Thanks for the suggestion, Ken. When the breakpoint mystery happened today, "Load symbols lazily" was turned on as you surmised it would be. I just turned it off. I should note that it was turned on because on the prior occasion that I had this problem, messing with this debug option did not seem to help.
Perhaps there's a hole in my knowledge of debugging but I thought breakpoints are set on addresses, not on symbols. Thus, you should be able to set breakpoints and trace execution even within frameworks and other code for which you do not have the sources. Execution should stop at those locations. The only difference between having symbol information and not having it is that you see disassembly as opposed to high level source code. Please correct me if I'm wrong.
There are other interesting things I've seen discussed, for example, a suggestion to change the debug information format to Dwarf with dsym file, which I don't quite understand given that the purpose of a dsym file is to provide symbol information separately from the executable, e.g., to keep around after distributing a stripped Release build.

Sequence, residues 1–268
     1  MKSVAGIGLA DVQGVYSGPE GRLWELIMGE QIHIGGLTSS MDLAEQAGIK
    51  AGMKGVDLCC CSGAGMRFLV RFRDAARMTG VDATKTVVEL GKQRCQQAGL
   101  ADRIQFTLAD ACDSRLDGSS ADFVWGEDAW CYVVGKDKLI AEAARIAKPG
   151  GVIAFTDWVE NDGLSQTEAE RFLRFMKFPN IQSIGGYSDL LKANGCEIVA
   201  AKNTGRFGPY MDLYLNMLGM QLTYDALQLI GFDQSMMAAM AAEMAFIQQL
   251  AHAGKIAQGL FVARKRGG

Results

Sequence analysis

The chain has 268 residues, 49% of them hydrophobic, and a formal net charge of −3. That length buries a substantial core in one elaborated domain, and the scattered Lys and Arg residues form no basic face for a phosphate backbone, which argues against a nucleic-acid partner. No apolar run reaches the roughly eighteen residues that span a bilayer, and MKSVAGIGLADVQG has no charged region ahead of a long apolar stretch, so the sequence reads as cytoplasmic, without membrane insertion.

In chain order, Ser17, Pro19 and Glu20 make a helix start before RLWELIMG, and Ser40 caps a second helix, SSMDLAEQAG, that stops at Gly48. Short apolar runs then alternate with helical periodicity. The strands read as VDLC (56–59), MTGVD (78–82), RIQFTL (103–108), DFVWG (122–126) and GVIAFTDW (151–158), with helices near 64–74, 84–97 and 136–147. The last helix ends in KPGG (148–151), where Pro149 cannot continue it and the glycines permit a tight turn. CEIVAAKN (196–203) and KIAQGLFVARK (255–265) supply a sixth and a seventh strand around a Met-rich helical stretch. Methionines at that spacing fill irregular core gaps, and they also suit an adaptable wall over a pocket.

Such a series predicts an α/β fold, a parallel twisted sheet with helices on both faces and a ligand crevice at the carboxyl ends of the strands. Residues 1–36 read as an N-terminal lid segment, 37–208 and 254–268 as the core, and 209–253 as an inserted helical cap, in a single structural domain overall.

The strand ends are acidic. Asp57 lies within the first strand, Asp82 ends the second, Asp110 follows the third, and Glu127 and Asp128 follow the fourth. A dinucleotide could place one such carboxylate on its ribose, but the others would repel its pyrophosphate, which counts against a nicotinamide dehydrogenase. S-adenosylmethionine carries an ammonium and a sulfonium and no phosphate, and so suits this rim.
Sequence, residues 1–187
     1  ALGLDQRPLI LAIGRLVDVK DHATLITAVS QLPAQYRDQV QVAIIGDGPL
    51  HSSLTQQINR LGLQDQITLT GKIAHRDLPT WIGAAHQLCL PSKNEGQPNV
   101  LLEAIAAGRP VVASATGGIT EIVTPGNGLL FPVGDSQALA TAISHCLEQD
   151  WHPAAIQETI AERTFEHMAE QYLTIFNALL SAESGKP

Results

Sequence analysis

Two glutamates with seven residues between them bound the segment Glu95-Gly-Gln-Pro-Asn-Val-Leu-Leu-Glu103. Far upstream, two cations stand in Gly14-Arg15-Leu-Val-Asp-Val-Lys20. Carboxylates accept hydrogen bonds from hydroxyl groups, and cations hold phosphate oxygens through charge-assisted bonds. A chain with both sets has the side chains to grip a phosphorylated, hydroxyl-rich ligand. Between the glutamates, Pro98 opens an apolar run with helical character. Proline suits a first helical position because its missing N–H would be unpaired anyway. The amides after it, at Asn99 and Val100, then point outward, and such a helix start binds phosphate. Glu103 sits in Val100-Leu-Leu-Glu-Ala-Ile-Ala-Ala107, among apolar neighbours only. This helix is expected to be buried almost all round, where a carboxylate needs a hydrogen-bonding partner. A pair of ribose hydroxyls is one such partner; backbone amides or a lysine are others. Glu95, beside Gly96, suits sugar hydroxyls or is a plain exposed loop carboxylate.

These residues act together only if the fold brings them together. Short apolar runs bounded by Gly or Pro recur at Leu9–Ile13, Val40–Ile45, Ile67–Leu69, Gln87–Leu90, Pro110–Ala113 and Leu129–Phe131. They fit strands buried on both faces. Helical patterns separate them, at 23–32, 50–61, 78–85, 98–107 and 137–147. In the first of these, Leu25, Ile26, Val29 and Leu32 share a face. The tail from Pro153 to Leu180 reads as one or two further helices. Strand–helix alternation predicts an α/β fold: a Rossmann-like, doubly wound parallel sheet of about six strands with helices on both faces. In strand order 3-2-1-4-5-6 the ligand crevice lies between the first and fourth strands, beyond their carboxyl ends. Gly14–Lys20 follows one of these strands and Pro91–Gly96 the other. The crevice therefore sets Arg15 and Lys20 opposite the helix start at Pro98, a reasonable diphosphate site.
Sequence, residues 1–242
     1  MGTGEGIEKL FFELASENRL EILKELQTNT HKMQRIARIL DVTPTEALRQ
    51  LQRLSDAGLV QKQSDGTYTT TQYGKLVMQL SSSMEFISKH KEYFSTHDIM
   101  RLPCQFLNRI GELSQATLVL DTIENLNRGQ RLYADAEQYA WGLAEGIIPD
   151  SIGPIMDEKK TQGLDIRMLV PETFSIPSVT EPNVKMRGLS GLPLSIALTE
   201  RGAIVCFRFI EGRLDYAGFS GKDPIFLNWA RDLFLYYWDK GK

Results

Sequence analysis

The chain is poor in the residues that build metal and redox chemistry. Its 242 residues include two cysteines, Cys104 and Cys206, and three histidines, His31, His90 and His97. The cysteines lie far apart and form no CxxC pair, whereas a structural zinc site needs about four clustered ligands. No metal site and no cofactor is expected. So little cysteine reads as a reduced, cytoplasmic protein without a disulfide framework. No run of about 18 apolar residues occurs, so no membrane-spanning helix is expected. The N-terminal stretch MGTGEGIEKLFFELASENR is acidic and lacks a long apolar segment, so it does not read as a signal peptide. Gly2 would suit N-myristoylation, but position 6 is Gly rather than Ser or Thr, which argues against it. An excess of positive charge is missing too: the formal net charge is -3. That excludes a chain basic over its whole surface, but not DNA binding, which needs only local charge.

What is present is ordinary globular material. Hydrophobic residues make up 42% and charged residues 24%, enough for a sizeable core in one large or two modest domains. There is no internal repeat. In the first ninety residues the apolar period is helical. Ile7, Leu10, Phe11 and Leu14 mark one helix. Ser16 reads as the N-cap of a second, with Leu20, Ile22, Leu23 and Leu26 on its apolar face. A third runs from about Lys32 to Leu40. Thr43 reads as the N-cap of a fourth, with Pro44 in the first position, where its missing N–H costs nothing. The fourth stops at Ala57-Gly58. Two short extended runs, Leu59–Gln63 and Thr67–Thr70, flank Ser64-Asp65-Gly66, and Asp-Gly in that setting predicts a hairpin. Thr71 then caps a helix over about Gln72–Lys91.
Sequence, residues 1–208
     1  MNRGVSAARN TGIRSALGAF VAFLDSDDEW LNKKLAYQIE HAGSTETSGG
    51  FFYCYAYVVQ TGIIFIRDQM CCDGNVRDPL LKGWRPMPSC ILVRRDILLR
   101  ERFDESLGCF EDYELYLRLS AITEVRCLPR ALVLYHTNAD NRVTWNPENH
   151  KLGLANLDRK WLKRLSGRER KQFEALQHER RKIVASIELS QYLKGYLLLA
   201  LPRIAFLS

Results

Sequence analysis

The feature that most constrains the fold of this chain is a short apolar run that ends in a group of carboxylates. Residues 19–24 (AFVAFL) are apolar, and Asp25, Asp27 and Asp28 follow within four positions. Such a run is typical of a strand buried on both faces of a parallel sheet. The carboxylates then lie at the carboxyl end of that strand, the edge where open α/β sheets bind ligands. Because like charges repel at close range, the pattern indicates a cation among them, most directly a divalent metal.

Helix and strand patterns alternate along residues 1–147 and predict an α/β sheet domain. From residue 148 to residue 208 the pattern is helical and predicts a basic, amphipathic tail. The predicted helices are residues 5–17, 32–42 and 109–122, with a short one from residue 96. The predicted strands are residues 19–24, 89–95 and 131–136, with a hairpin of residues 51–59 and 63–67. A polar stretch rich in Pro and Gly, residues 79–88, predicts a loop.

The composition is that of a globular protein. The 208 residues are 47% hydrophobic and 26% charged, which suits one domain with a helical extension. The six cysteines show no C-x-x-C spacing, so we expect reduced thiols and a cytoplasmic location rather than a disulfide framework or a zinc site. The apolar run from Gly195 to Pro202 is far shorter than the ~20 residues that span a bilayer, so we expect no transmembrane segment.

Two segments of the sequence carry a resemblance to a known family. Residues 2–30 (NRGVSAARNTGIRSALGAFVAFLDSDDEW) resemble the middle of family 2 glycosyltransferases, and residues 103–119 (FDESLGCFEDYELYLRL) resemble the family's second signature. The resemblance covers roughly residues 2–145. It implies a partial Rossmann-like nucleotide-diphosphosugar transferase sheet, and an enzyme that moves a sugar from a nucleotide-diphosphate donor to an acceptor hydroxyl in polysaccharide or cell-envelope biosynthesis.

Any more help in understanding why this problem occurs will be much appreciated.
----- Original Message ----
From: Ken Thomases <email@hidden>
To: Oftenwrong Soong <email@hidden>
Sent: Thu, December 31, 2009 2:27:56 PM
Subject: Re: The case of the broken breakpoints
On Dec 31, 2009, at 3:51 PM, Oftenwrong Soong wrote:
> Under some circumstances (and I cannot yet define exactly what those circumstances are), it appears that Xcode suddenly decides to ignore breakpoints, meaning that gdb does not pause execution on lines where I place a breakpoint.
One thing you don't mention is turning off "Load symbols lazily" in Xcode's preferences (under Debugging). That's been noted as a frequent culprit in situations like this.
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